While high demand for the coronavirus vaccine is a promising step toward beating the virus, it has also created a ripe environment for scammers, who officials say are looking to take advantage of people’s eagerness to receive a dose.
“Right now, [people] want the vaccine. They want to be safe. They want a cure,” said state Attorney General William Tong. “Those are all ways that people are getting preyed upon.”
Connecticut is no stranger to COVID-19 scams. Earlier in the pandemic, local officials were dealing with fake testing pop-up sites and pandemic-related price gouging. Nationally, federal agents are still busting fraudsters selling phony N-95 masks.
With the introduction of the vaccine, these scams have taken on many new forms like illegitimate appointment portals and false offers of an earlier dose for a fee.
“Everybody is vulnerable, particularly in a public health emergency where all of us are feeling unsafe,” Tong said.
Connecticut residents can sniff out and avoid a vaccine scam by remembering:
- No one should be asking for your Social Security number or bank information to provide you with a vaccine, and nobody needs to pay to get early access to the vaccine.
- Legitimate distribution sites will never ask you to pay to put your name on a list to receive the vaccine.
- Anyone offering a “miracle cure,” treatment or medication that claims to prevent the coronavirus and is not one of the federally approved vaccines is more than likely fraud.
- Health insurance information is not required to get a dose of the vaccine.
- You should not show your COVID-19 vaccine card on social media, as it displays sensitive personal information.
Tong added that residents need to make sure any calls or emails related to the vaccine are coming from legitimate sources before handing over personal information or clicking on any links or attachments. The same goes for COVID-related stimulus and charity scams, he said.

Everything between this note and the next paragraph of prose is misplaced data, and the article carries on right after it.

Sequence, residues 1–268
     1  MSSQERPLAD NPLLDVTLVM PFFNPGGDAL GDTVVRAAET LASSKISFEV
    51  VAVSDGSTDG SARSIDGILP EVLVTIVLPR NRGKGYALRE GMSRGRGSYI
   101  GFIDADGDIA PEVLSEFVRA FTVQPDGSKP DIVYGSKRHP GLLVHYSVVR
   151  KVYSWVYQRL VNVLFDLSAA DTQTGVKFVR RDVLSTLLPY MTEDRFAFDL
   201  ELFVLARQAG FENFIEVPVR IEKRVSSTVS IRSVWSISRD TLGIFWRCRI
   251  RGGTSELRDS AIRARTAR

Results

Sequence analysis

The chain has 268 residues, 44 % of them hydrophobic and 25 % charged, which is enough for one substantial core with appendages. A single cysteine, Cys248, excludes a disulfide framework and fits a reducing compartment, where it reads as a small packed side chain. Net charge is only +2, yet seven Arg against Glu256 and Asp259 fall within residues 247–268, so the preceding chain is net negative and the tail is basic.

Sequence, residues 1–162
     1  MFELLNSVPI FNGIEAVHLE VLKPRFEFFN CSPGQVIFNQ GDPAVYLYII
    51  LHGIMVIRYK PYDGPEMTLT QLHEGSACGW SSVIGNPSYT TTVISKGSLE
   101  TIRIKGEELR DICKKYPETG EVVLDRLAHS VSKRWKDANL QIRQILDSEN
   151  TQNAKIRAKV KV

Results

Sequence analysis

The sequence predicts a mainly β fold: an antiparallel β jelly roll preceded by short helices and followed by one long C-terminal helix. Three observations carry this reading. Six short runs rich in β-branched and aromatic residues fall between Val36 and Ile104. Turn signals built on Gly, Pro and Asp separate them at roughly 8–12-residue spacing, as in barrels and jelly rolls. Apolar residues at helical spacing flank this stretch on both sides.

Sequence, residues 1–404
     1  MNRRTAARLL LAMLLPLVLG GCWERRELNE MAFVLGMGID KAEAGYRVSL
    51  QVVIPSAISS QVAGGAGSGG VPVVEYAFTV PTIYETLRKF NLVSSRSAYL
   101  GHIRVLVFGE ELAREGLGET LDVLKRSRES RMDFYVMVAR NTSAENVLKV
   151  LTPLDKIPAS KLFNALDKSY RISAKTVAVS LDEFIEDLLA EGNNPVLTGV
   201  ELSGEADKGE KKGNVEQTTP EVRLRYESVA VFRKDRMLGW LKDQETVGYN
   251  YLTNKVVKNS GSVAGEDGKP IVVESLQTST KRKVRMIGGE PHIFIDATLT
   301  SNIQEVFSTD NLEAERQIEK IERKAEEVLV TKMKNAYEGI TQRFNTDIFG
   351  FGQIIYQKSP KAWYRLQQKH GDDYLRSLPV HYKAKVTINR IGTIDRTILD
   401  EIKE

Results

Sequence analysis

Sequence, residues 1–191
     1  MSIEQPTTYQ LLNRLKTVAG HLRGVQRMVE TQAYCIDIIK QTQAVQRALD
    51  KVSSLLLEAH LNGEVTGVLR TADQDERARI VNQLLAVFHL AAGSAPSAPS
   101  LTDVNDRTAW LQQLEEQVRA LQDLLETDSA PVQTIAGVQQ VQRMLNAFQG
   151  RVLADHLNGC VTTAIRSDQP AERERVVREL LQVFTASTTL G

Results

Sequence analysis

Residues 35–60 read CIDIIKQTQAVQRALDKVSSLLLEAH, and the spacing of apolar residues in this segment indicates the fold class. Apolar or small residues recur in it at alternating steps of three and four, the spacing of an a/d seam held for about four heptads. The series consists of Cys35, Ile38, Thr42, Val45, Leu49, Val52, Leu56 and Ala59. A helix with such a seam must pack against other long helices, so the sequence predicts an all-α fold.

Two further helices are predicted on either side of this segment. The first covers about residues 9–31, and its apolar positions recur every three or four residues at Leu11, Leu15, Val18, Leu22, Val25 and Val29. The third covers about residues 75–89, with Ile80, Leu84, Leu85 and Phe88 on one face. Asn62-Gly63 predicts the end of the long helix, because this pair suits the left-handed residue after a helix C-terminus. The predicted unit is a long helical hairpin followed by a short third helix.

“If there’s any doubt, take their name and number, hang up the phone and then make a fresh call yourself to [where they claim they’re from] and ask if it’s legitimate. Chances are, it’s not,” Tong elaborated.
Connecticut Department of Consumer Protection spokesperson Kaitlyn Krasselt said that so far, they’re aware of one instance where a resident gave a Social Security number to a vaccine scammer over the phone.
As of now, neither the DCP nor the Attorney General’s office has received any formal complaints related to the vaccine, but both are on the lookout for COVID-centered scams, especially with the pending stimulus checks.
“We’ve been afraid that people will be targeted in the chaos of getting the vaccine,” Krasselt said. “We’re reminding people to really be vigilant. It’s easy to be distracted right now.”
Vaccine scams — as well as stimulus and charity scams — can be difficult to track, as many are based outside of Connecticut. Tong said that he encourages any resident who believes they’ve encountered a scam to report it right away, as the state can use the much-needed information to investigate.
“For as much as we can, for as much as law enforcement can, we take action to stop scammers and to punish them,” Tong said. “We need actual information and an actual person making the complaint to really investigate.”
Residents can report a suspected scam to the DCP by filing a complaint or by emailing firstname.lastname@example.org. They can also report suspicious vaccine distribution practices or concerns for public health to local law enforcement or local public health officials.
More information about Connecticut’s rollout can be found at ct.gov/covidvaccine or by calling the state’s COVID-19 hotline at 2-1-1.
“We’re ready to take action on specific complaints of scams,” Tong said.